Skeletal remains found in an empty lot are those of a Native American who may have lived some 400 years ago, authorities said Thursday.
The bones were discovered by a construction crew laying the foundation for a new home in the 23000 block of Bluebird Drive. Among the remains dug up by a forensic archeologist were parts of fingers, a rib and a jawbone.
County coroners contacted the Native American Heritage Commission informing them the bones were those of a Native American.
The area where the bones were found was once heavily populated by members of the Tataviam and Chumash tribes. The neighborhood was later known as Park Moderne, a popular haven for artists and writers during the 1920s.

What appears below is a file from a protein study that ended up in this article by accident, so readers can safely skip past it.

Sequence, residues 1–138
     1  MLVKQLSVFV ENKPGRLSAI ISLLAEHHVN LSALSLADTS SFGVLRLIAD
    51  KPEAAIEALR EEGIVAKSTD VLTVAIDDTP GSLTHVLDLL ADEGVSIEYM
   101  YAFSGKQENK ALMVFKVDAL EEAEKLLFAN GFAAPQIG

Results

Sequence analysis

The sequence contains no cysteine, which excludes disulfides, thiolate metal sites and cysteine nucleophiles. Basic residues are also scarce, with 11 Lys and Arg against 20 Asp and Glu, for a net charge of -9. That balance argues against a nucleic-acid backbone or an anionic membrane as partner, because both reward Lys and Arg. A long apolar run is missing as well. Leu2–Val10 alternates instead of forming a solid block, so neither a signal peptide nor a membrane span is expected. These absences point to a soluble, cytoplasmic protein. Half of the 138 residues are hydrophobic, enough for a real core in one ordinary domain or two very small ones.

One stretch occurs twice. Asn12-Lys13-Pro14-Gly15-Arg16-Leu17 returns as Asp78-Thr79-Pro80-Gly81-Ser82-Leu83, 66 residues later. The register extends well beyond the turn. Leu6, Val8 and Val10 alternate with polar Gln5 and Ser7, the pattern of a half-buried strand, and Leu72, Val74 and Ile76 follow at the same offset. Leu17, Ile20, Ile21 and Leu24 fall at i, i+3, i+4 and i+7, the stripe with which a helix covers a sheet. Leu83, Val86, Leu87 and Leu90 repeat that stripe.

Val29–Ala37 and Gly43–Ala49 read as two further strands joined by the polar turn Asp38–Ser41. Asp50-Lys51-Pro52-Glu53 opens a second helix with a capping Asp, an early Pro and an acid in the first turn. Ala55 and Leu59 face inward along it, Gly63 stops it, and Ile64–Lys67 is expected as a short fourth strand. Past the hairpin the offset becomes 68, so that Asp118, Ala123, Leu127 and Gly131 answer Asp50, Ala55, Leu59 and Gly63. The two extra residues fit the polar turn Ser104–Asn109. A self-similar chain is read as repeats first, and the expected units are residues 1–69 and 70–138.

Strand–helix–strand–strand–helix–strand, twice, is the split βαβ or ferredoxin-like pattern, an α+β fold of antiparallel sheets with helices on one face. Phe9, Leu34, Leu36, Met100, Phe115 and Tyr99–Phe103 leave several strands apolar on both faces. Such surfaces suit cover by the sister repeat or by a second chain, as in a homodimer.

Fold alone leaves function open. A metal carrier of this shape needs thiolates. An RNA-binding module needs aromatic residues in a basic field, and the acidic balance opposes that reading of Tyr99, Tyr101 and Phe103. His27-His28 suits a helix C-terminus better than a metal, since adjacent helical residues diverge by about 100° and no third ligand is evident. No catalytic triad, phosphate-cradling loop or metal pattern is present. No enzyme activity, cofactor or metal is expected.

The Native American Heritage Commission is consulting descendants of the tribes in order to decide whether the bones should be kept at the site or reburied elsewhere.
"The descendant has a day or so to contact the owner of the property and work something out," said Debbie Treadway, a commission spokeswoman.
Only a portion of the 11,000- square-foot lot was excavated. Property owner Jon Goldstein was told that the work will be supervised while digging is done for sewer lines in case more remains or artifacts are found.